• The journal editor, editorial board member or learned society may wish to commission a supplement on a particular theme or topic. Again, sponsorship may be sought.
  • The BMJ Group itself may have proposals for supplements where sponsorship may be necessary.
  • A sponsoring organisation, often a pharmaceutical company or a charitable foundation, that wishes to arrange a meeting, the proceedings of which will be published as a supplement.

In all cases, it is vital that the journal’s integrity, independence and academic reputation is not compromised in any way.

When contacting us regarding a potential supplement, please include as much of the information below as possible:

  • Journal in which you would like the supplement published
  • Title of supplement and/or meeting on which it is based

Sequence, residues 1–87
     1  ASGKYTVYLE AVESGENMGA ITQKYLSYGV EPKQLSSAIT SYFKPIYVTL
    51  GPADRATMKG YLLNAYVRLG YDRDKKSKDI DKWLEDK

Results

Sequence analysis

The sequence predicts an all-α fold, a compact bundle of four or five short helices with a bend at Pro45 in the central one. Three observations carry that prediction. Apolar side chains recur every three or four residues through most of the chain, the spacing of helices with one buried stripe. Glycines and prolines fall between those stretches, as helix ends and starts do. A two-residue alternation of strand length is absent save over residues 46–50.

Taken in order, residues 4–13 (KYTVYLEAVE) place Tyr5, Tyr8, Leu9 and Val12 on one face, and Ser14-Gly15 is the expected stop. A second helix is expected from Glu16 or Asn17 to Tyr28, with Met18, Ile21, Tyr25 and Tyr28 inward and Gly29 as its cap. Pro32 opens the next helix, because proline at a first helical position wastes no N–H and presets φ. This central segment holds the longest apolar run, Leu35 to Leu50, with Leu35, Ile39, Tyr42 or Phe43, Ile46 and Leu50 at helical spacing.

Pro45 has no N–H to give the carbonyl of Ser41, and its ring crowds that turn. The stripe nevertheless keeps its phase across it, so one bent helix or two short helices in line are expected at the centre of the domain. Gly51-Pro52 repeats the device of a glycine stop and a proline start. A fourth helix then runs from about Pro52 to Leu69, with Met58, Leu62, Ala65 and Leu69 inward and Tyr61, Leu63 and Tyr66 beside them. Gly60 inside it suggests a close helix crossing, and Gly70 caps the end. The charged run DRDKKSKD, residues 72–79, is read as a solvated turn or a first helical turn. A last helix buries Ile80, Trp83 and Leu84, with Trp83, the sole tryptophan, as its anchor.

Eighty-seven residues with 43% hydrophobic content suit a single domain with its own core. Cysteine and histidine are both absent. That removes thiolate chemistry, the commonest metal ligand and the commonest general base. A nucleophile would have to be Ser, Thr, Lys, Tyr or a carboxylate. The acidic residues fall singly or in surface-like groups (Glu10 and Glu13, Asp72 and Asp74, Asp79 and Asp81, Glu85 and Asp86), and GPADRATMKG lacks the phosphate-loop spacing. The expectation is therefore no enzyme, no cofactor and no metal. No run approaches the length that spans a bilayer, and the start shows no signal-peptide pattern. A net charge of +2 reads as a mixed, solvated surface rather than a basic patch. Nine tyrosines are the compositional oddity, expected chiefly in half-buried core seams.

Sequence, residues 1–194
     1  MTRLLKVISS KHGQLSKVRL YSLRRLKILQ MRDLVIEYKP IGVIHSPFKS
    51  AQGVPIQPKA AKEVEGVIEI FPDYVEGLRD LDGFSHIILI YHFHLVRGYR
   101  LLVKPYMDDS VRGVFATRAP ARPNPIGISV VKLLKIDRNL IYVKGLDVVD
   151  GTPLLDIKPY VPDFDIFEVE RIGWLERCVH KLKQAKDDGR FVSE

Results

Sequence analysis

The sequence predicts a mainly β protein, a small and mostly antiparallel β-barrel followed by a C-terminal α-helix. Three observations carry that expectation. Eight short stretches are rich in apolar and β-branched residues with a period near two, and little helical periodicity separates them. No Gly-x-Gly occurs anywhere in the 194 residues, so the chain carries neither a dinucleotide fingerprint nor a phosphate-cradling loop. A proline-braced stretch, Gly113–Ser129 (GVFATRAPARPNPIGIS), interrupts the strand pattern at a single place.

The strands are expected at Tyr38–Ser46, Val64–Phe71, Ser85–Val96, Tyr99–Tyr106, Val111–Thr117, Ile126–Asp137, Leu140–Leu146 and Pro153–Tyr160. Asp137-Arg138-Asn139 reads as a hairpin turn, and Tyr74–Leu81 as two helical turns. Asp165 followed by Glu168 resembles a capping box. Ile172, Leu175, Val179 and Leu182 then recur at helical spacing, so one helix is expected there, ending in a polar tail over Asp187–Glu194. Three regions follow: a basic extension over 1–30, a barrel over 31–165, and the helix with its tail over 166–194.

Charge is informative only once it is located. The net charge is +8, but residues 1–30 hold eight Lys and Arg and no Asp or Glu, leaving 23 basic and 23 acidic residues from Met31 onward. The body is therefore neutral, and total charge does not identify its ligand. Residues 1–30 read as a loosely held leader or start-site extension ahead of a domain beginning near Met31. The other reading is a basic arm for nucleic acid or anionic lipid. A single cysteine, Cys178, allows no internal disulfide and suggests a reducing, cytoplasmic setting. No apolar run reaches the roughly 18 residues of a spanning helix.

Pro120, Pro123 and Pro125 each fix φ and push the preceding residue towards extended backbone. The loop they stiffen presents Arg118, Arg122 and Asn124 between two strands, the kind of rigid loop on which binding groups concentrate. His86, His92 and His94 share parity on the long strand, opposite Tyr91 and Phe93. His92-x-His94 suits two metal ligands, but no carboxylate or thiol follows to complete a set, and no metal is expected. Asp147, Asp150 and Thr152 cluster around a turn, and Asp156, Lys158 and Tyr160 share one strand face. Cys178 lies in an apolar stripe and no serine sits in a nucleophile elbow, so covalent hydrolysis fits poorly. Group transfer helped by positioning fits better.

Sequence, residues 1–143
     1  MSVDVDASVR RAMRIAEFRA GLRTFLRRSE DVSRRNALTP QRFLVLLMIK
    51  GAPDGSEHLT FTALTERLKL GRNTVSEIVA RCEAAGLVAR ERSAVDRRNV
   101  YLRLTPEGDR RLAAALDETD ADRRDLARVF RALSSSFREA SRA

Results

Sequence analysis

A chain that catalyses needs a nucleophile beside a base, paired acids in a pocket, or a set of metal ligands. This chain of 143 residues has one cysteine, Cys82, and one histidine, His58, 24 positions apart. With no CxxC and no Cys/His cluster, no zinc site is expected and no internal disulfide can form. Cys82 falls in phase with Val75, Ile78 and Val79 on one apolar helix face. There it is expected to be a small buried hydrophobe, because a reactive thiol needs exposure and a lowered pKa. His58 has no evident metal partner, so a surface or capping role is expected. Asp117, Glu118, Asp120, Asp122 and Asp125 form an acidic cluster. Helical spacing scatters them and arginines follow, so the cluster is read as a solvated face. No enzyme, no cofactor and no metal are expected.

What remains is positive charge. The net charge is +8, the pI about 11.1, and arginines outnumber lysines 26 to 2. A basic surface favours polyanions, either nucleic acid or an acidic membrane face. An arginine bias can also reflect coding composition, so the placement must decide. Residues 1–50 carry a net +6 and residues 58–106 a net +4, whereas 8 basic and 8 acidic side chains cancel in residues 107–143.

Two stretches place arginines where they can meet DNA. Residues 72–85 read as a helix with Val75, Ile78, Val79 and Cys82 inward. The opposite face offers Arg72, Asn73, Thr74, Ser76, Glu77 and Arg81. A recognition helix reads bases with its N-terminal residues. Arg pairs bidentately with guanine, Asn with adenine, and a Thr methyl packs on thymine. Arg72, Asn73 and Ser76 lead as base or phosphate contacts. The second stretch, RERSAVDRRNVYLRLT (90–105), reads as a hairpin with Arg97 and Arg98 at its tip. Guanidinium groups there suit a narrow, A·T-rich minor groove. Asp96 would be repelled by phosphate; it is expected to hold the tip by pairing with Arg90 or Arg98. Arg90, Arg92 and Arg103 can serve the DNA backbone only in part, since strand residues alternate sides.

• Date of meeting on which it is based
  • Proposed table of contents with provisional article titles and proposed authors
  • An indication of whether authors have agreed to participate
  • Sponsor information including any relevant deadlines
  • An indication of the expected length of each paper Guest Editor proposals if appropriate

For further information on criteria that must be fulfilled, download the supplements guidelines(PDF).

Plagiarism detection

BMJ is a member of CrossCheck by CrossRef and iThenticate. iThenticate is a plagiarism screening service that verifies the originality of content submitted before publication. iThenticate checks submissions against millions of published research papers, and billions of web content. Authors, researchers and freelancers can also use iThenticate to screen their work before submission by visiting